Study: Second Roadblock To EV Ownership Is Size (We All Know The First)
The “2012 Electric Vehicle Ownership Experience Study” is out, and it contains all the usual facts and figures you would expect from a study of this nature, but also a few interesting extra tidbits thrown in as well.
J.D. Power and Associates, the author of the study, states that price is the main roadblock to widespread adoption of plug-in cars here in America. They also note current EV owners generally value the environmental impact of the vehicle they drive much higher than the overall market does.
“Current EV owners focus on the emotional benefits of owning an electric vehicle–which are having a positive effect on the environment–but the way for manufacturers to take EVs to the masses and increase sales is to address the economic equation,” said Neal Oddes, senior director of the green practice at J.D. Power and Associates. “There still is a disconnect between the reality of the cost of an EV and the cost savings that consumers want to achieve.”
Thankfully, the study doesn’t end there (because we all know EVs cost a lot of money), and states the second roadblock to plug-in vehicles.
Electric Vehicles are too small. The study deftly shows that the average buyer is not all that keen on driving a compact car. After trucks and SUVs, midsize cars are really what the average customer wants. The best selling EV brands today like the Chevrolet Volt, Nissan LEAF and Toyota Prius Plug-In, just aren’t big enough.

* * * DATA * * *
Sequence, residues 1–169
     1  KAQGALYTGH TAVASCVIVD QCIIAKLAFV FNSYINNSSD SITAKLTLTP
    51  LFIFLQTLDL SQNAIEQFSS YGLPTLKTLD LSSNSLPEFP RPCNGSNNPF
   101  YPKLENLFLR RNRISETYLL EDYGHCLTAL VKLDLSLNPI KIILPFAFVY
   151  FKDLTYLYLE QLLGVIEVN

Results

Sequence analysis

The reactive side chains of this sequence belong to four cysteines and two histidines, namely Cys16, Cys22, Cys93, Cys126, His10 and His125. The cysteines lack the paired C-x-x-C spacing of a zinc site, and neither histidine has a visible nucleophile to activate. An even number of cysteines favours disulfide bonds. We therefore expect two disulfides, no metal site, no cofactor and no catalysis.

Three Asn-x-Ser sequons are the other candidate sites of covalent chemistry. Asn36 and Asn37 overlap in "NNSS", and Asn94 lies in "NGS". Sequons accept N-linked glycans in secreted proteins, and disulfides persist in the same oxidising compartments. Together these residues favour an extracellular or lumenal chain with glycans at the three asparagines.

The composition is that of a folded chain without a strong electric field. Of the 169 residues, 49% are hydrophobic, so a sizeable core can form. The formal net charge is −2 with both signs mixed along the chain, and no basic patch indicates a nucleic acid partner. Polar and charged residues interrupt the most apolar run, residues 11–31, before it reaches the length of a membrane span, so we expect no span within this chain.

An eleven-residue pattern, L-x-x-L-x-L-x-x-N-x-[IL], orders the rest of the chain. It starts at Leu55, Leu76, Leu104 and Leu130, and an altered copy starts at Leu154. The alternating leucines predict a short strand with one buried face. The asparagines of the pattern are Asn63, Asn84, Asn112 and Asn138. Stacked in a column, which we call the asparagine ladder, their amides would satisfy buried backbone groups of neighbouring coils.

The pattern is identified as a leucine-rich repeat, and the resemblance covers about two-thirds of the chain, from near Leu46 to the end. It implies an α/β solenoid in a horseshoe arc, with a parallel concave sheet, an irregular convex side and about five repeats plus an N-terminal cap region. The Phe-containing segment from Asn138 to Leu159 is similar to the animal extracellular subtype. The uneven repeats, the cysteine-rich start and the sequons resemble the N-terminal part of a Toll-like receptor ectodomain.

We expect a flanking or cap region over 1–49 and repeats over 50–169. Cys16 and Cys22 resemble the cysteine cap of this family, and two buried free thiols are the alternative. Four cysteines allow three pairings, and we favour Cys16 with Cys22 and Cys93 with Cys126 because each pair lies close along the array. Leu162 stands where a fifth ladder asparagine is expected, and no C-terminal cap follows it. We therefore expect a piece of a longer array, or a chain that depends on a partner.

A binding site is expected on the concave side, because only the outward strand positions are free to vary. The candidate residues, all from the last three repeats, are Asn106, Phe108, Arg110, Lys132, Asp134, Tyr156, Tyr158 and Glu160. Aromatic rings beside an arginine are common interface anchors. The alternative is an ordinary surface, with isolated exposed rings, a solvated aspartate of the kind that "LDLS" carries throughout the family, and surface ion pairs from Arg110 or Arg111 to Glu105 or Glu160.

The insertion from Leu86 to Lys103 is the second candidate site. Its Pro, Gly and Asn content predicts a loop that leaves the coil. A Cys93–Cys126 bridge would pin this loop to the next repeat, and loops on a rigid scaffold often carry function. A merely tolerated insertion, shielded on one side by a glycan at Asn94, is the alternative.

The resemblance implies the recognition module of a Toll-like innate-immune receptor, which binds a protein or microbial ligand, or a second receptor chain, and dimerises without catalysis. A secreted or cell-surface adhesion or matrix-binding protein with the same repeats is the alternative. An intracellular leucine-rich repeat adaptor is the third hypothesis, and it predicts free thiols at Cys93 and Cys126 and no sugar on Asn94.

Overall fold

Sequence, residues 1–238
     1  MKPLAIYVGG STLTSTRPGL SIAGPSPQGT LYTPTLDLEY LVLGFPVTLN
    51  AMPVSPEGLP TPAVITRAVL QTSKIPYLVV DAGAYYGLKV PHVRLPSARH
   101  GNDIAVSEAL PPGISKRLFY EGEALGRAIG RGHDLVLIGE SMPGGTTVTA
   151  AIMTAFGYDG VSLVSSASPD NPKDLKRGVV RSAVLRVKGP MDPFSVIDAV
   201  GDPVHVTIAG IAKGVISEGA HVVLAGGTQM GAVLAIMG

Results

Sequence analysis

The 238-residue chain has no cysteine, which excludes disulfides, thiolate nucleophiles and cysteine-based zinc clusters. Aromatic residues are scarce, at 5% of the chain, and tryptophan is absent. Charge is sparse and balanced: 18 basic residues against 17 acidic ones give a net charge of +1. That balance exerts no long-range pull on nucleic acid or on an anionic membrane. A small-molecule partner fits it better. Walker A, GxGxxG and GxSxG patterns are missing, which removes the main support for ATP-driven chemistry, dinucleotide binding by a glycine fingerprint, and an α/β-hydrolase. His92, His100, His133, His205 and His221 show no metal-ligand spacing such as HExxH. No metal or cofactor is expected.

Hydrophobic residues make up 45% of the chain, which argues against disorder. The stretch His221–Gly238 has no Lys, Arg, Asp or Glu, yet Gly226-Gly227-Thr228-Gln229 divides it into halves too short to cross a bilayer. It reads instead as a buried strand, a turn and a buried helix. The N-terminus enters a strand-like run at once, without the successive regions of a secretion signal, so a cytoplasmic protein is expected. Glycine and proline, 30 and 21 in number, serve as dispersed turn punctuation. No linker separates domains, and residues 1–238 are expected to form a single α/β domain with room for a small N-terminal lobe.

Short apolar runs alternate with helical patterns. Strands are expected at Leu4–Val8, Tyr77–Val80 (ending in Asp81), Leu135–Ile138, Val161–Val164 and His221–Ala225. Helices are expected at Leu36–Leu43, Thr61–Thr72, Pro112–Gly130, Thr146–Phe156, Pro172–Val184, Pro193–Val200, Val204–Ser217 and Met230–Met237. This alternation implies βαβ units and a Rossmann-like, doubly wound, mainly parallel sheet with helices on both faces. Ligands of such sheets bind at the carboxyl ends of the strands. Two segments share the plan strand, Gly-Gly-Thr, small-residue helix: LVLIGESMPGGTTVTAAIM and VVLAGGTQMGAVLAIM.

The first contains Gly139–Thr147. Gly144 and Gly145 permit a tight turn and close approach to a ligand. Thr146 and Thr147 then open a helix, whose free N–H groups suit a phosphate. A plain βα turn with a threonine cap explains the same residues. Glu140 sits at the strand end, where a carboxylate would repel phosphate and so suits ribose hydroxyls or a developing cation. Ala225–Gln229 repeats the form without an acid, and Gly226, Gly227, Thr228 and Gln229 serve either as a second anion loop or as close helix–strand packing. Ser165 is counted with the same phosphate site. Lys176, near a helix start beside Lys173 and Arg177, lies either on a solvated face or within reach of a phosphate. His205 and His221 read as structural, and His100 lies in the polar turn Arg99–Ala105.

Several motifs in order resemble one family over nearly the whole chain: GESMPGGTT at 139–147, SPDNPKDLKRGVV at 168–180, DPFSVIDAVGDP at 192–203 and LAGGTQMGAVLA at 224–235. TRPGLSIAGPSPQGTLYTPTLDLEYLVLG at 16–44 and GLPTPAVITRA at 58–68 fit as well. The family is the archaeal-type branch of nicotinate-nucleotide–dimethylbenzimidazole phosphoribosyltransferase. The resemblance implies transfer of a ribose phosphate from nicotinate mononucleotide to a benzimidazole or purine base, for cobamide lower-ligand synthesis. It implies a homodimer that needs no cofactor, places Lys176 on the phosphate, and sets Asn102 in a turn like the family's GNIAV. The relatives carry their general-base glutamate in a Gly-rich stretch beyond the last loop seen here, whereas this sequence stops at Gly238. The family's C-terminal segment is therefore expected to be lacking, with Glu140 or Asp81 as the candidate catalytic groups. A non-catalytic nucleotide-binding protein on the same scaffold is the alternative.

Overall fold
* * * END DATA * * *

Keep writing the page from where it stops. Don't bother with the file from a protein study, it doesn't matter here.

If price and size are the biggest concerns in consumer’s minds, it would seem that Ford is best positioned to make the biggest inroads to the greater adoption of plug-in vehicles in 2013. Both the C-Max Energi, but especially the Fusion Energi, look to be two of the biggest and cheapest models available to customers next year.
In a real world example of this result perhaps being valid, our own Lyle Dennis, will be trading in his (very famous) Chevrolet Volt for a C-Max Energi at some point this month. He says just needs more room.
Other points of interest in the study:
- 44% of current owners of EVs indicate the top benefit of their vehicle is lower emissions
- owners of all-electric vehicles (BEV) pay a premium of $10,000, on average for their vehicle
- owners of plug-in hybrid electric vehicles (PHEV) pay a $16,000 premium
- based on their fuel consumptions of gas, it takes 6.5 years for BEV owners to recoup the $10,000 premium they paid, 11 years for PHEV owners
- 33% of all owners charge from a standard 120v outlet
- 43% of EV also charge their vehicle away from home, 85% of those do not pay for the service
- average commute of an EV owner is 34 miles
“The payback period is longer than most consumers keep their vehicle,” said Neal Oddes, senior director of the green practice at J.D. Power and Associates. “The bottom line is that the price has to come down, which requires a technological quantum leap to reduce the battery price. There also needs to be an improvement in the infrastructure, or the number of charging stations outside of the home. Until those two concerns are addressed, EV sales will remain flat.”
So, all EVs need to accomplish to displace gasoline cars in America is to get $13,000 cheaper, grow in size and function, and have charging stations (available for free) dotted around landscape. Sounds easy.
It appears that mass plug-in adoption might take awhile, but at least we can say we are headed in the right direction.